Suggested Reading For:
Age Level: HS+
Interest: Mystery, Coffee, Fiction, Contemporary.

Notable Quotes:

“Though coffee may seem a small thing, it is a ritual that reflects the daily standards we set for ourselves throughout our lives” (31).

“Darkness can’t hide. Not forever. Not even in the vastness of space” (174).

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Book Review, Coming-of-Age, Crime Novel, Fiction, Murder Mystery, Mystery, Stephen King, Supernatural

Review: Joyland by Stephen King

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Joyland by Stephen King

Final Verdict: 3.75 out of 4.0

YTD: 43


Plot/Story:
4 – Plot/Story is interesting/believable and impactful.

Stephen King’s Joyland is the latest in his massive repertoire of what I will hereafter describe as “really cool reading stuff.”  In this supernatural mystery crime thriller (yep, it is all of that), young Devin Jones, fresh out of his first year of college, heads down the eastern U.S. coastline to take a summer job at an old-fashioned amusement park called, you guessed it, Joyland.  While trying to get over “that” girl, the devastatingly beautiful tease who became his first love and who broke his heart for the first time, Devin soon finds himself involved in the very peculiar life of a dying boy, his bombshell mother, and a decades old murder that all of them must somehow solve together, or else.  What starts off as a curiosity – a folk legend and a hobby- for Devin and his Joyland friends, soon turns into a terrifying nightmare which will change Devin’s life forever.

Characterization:
3 – Characters well-developed.

One of the areas where I tend to find King lacking is in his character development.  His stories and their connection with the reader are always at the forefront, so his characters seem to be there only as means to an end.  What King wants for his reader is self-immersion – the stories should be happening to you.  He does manage to accomplish this, better than most, but, still, characters are one of my favorite (and, in my opinion, one of the most important) aspects of any good novel, so I do look for their strengths, weaknesses, growth, etc.  Joyland is a short novel, without much room for growth, but King does allow his main character, Devin, to experience certain major life events and to learn from them. Most of the minor characters (which includes everyone except Devin) are relatively flat throughout, except for Annie.  Her story, along with that of her sick son, Mike, are the very touching secondary support that the primary story needs to make this book just complicated enough – just emotional enough- to touch the reader on a deeper level. Devin’s growth coincides with his relationship with these two, and Annie’s growth, too, happens only because Devin comes into their life.  The other friends, park workers, and even the primary antagonist are sidelined for the majority of the story but, in the end, it really doesn’t matter.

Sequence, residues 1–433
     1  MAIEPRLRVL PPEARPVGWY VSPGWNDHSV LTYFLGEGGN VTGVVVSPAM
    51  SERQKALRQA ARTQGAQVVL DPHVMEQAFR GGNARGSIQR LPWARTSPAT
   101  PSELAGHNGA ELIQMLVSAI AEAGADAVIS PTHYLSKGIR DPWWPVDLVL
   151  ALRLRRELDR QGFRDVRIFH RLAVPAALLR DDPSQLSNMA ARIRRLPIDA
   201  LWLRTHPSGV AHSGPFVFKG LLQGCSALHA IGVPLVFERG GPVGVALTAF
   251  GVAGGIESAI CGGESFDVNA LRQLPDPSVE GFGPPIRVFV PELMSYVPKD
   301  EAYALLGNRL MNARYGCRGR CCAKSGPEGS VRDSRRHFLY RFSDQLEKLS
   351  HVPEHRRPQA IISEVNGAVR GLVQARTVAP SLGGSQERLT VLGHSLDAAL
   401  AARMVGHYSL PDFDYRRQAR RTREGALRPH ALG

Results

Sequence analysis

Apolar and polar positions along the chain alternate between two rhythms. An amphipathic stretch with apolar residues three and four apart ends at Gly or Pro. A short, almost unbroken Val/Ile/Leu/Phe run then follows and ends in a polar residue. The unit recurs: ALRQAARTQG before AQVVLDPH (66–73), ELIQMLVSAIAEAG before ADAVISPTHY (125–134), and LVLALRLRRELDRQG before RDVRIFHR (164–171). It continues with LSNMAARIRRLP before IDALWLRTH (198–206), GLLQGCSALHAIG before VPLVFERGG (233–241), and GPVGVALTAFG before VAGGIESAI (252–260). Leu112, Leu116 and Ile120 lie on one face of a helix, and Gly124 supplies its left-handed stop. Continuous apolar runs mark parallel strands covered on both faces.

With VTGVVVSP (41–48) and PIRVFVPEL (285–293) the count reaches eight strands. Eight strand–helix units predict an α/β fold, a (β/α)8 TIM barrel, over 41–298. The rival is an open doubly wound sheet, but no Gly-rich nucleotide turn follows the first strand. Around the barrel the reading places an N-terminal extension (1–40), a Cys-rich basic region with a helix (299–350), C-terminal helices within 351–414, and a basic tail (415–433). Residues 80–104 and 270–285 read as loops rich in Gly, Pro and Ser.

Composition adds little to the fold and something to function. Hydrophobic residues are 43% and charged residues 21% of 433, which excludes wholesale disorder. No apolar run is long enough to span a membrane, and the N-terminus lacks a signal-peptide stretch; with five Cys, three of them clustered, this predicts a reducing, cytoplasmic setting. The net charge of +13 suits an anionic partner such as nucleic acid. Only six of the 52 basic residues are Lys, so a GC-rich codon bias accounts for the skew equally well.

Prose/Style:
4 – Excellent prose/style, enhancing the story.

Stephen King obviously knows how to write a story – his prolific body of work, permanent best-seller status, and massive personal wealth (not to mention all those page-to-screen adaptations) can attest to this.  Typically, though, something about King’s writing will irk me.  I sometimes find it a little bit too pedantic, or a little bit too graphic, or a little bit trying-to-hard-to-be-shocking.  This time, though, King seems to be deeply in love with his story, and his writing reflects that.  The book is a page-turner, not because it is an edge-of-your-seat suspense thriller or horror novel, like so many of his others.  Yes, you do want to find out what happens next, but it is because you are engrossed with Devin’s life.  Sure, you realize there are things happening beneath the surface – secrets that are bound to be revealed, soon. But, also, you just want to be a part of Devin’s life.  You are happy for him when he finds enjoyment in perhaps the most un-enjoyable job imaginable.  You are thrilled when his relationship with Annie starts to progress, and when you learn more about Mike.  King’s dialogue is believable, Devin’s awkwardness is believable, and the descriptions of people, places, etc. are interesting enough to engage the reader and drive the plot forward.

Additional Elements: Setting, Symbols/Motifs, Resolution, etc.
4 – Additional elements improve and advance the story.